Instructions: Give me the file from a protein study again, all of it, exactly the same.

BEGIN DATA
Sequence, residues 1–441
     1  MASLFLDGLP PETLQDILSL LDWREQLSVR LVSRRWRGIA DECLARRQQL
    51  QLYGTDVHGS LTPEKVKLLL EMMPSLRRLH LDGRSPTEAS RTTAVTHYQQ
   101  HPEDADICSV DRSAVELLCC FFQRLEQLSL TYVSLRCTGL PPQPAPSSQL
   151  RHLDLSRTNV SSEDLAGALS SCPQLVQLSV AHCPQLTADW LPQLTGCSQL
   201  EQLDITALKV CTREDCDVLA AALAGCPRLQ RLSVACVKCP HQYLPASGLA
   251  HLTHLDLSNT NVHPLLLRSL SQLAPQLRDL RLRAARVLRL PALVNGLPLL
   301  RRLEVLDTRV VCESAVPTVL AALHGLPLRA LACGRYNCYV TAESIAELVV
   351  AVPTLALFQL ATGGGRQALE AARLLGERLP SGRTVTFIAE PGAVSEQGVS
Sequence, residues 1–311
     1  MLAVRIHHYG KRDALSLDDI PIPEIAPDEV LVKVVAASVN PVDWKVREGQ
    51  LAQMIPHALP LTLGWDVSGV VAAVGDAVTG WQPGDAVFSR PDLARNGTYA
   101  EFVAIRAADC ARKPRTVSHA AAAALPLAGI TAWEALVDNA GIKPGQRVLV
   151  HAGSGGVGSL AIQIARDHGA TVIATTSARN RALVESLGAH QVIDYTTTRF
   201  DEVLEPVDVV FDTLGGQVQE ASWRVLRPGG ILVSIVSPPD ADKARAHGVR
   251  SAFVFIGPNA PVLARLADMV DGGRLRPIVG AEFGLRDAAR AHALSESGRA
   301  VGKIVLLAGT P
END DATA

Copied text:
Sequence, residues 1–441
     1  MASLFLDGLP PETLQDILSL LDWREQLSVR LVSRRWRGIA DECLARRQQL
    51  QLYGTDVHGS LTPEKVKLLL EMMPSLRRLH LDGRSPTEAS RTTAVTHYQQ
   101  HPEDADICSV DRSAVELLCC FFQRLEQLSL TYVSLRCTGL PPQPAPSSQL
   151  RHLDLSRTNV SSEDLAGALS SCPQLVQLSV AHCPQLTADW LPQLTGCSQL
   201  EQLDITALKV CTREDCDVLA AALAGCPRLQ RLSVACVKCP HQYLPASGLA
   251  HLTHLDLSNT NVHPLLLRSL SQLAPQLRDL RLRAARVLRL PALVNGLPLL
   301  RRLEVLDTRV VCESAVPTVL AALHGLPLRA LACGRYNCYV TAESIAELVV
   351  AVPTLALFQL ATGGGRQALE AARLLGERLP SGRTVTFIAE PGAVSEQGVS
Sequence, residues 1–311
     1  MLAVRIHHYG KRDALSLDDI PIPEIAPDEV LVKVVAASVN PVDWKVREGQ
    51  LAQMIPHALP LTLGWDVSGV VAAVGDAVTG WQPGDAVFSR PDLARNGTYA
   101  EFVAIRAADC ARKPRTVSHA AAAALPLAGI TAWEALVDNA GIKPGQRVLV
   151  HAGSGGVGSL AIQIARDHGA TVIATTSARN RALVESLGAH QVIDYTTTRF
   201  DEVLEPVDVV FDTLGGQVQE ASWRVLRPGG ILVSIVSPPD ADKARAHGVR
   251  SAFVFIGPNA PVLARLADMV DGGRLRPIVG AEFGLRDAAR AHALSESGRA
   301  VGKIVLLAGT P